Shedding the Light on French Doors

January 02, 2010

French interior doors have solved many a design dilemma. How can you close off a room while still allowing the light to shine through? French interior doors save the day. French doors are normally double doors that are hinged on the side. There are glass panes that are termed lites in each door, and the lites can take just up a portion of the door or become the main surface of the door.

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The little wood partitions that section off each pane of glass, or lite, is called a mullion. These terms make it just a little easier to choose a French interior door, as often a door could be described in terms of "a 10 lite French door with wood mullions".

While the number of lites in the door as well as the material is normally the first decision in choosing a French door, opening configurations are numerous and present a multitude of choices in the functionality.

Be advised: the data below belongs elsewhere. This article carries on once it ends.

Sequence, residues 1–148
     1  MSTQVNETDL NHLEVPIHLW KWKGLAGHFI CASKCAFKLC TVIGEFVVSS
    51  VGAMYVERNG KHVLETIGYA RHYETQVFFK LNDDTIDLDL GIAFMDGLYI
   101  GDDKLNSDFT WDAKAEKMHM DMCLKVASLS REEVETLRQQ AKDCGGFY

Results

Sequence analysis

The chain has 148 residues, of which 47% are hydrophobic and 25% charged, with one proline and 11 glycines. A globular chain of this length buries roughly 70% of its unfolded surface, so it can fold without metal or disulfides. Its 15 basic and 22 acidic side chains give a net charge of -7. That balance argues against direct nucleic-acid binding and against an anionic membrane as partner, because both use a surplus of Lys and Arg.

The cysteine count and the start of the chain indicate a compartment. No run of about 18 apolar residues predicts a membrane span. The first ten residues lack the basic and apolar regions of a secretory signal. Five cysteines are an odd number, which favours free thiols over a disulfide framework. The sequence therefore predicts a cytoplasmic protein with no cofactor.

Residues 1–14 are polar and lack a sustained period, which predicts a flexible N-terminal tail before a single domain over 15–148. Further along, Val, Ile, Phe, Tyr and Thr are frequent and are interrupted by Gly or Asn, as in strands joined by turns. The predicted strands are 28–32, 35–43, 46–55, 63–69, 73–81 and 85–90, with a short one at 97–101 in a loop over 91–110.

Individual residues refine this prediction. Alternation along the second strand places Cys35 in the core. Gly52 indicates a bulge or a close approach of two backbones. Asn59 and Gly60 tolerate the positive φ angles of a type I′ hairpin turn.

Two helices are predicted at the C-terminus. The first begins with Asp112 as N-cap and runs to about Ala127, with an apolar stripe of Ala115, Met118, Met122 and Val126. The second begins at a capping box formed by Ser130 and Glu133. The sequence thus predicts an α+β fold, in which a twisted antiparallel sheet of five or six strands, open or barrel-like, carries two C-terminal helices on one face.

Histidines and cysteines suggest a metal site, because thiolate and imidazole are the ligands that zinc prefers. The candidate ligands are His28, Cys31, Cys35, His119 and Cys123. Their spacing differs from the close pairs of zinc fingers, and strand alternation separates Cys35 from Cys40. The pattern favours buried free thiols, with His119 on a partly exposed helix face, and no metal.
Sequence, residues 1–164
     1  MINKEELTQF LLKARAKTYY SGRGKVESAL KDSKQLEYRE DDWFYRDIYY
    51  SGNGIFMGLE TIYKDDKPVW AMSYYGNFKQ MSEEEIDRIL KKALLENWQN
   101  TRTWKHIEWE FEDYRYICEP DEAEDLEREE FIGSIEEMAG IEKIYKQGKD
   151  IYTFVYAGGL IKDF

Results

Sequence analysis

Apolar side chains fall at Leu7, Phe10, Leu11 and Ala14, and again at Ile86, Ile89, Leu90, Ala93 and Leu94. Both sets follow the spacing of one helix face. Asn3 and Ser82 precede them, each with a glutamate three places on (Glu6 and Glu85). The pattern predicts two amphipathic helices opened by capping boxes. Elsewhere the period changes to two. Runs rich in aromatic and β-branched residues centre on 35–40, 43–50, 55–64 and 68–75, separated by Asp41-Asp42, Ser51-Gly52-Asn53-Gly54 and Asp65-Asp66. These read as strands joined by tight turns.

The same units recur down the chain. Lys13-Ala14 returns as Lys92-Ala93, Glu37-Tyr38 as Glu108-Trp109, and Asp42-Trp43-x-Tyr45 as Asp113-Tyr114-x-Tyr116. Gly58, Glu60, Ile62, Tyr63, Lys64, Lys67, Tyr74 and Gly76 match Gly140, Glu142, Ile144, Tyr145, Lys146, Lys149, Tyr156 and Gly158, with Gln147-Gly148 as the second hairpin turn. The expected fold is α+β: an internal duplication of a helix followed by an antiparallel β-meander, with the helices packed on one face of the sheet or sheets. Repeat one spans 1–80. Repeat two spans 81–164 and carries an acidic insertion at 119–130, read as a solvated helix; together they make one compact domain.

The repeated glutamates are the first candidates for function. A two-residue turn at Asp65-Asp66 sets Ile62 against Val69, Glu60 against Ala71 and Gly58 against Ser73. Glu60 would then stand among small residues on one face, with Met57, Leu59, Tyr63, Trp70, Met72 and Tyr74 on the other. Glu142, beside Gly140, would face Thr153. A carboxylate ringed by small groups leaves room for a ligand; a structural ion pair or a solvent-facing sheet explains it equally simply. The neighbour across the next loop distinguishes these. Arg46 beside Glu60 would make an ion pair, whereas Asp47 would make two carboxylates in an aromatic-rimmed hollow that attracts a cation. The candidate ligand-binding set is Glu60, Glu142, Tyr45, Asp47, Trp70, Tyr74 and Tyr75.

French doors were common in the 19th Century as exterior openings onto balconies in larger homes. Normally, only one door opened and closed while the other was stationary. But times have changed and so have needs, so now French doors are offered that include dual hinged doors with various hardware configurations.

French interior doors are perfect for use in kitchens, and they make the most of the natural lighting from exterior rooms and letting it shine into interior hallways. The term for this in the trade is called borrowed light, in which one area 'borrows' the natural light of the other. It helps not only brighten the interior, but can help save on energy costs as well.


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